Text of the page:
Wednesday, February 18, 2015

Wood Fence: Part I

As far as ranking favorite projects at the house go...the dry bar (post on that hereis definitely up there, but I think the new wood fence on the side of the house on the top of the list for me as well. A new wood fence isn't the most glamorous or flashy thing in the world. I mean its not a brand new kitchen, but when you disliked the previous chain link fence with green privacy slats as much as I did, a brand spankin' new wood fence feels like the best thing since sliced bread!

In the last post we ripped out the ugly chain link fence

That very night The Engineer and I picked up the materials to start building the new fence, which quite honestly maxed out our little truck!

It was still early enough to start work so we off loaded our materials and set up a string line along the property line. No one wants a crooked fence right? 

The property line happens to be the most unfortunate part of this project. I suppose it’s not the property line itself that is the problem, but rather the things that are on the property line. There are several trees that are directly on the line. Yes I said directly on the line, and yes I said several.

Luckily, this was not a surprise to us. We knew we had trees on the property line because they had pushed the old chain link out of the way to facilitate their growth ergo, we knew we would be working around multiple trees.

Our stretch of fence was approximately 80 ft. long and we started in the back where we would have our longest run of pre-constructed panels. Our plan was to use pre-constructed panels where possible (the cost turns out to be the same as buying the materials and building them yourself) and then build around the trees with raw materials and a little creativity.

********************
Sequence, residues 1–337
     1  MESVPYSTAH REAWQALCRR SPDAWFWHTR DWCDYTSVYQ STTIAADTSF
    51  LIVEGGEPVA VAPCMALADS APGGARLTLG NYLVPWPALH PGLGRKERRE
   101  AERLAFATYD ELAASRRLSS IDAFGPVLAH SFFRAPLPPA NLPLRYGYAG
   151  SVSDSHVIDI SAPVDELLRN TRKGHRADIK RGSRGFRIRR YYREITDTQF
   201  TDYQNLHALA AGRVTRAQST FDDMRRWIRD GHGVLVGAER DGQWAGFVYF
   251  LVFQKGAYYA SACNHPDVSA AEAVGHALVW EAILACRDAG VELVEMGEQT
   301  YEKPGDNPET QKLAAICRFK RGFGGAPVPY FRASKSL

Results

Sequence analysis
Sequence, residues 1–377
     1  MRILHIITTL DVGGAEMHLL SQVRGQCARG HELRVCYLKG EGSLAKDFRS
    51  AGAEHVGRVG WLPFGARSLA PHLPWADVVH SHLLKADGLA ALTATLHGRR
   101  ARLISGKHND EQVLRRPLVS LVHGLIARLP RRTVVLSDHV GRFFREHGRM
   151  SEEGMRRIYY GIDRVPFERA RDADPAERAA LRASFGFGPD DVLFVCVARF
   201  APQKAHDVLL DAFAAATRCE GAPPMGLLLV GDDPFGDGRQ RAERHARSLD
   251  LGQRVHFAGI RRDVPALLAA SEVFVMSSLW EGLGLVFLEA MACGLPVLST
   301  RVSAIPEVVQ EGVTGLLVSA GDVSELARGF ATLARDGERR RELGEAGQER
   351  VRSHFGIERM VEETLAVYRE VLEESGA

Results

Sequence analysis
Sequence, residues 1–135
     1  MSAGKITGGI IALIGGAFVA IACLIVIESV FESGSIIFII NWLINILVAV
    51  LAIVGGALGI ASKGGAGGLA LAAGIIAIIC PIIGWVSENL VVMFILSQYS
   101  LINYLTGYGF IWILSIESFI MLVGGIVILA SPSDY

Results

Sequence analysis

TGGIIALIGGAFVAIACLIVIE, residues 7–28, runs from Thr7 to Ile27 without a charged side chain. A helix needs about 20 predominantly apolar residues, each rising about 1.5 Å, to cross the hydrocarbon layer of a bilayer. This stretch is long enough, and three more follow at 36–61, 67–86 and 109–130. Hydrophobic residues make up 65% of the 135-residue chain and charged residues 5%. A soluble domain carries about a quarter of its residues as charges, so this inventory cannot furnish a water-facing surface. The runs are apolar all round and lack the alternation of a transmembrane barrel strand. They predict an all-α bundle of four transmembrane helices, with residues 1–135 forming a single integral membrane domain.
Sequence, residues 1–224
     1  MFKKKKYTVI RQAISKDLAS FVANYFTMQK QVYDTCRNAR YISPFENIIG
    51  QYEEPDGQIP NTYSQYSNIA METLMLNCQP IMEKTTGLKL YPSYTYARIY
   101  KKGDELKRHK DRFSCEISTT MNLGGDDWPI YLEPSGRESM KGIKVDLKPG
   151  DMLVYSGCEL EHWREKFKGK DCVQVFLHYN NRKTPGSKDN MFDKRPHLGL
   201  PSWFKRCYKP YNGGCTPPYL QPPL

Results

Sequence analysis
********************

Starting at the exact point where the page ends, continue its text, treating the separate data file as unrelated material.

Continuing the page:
After locating the spot for our first fence post, we almost immediately ran into root problems. Because some of the trees on our property are so old, their roots are pretty substantial and we immediately resorted to cutting them with the Sawzall. Any other method would have taken much more time and patience :)

We placed our first post, measured the location for the second, and got that one in the ground too. Since we were losing the light we held off until the morning to attach the panel. No reason to work in the dark :) We admired our two posts and packed up for the day.

The next morning got the first panel attached in no time. We shimmed the panel at the bottom to allow some clearance. With the wood away from the dirt it will be less prone to rotting. We then screwed the panel into the post once we had it level (we got it level by adding more shims).   

I was so excited to finally see a wood fence there! 

It was a simple rinse and repeat for the next several panels. 

If you recall from the demo of the chain link (here) we didn't dig up the concrete bases form the posts with the hope that we wouldn't have many new posts falling in the same position. Our bet paid off and we only had to dig one out. To get it out we dug around it until we could wiggle it and then attached ratchet straps to it and pulled! Point for us!

With six panels up it was time to get into the difficult areas around the trees. I’ll catch you in the next post for that.

Doesn’t it look good so far though?? Even with all the garbage in front of it it is way better <3

Thursday, February 12, 2015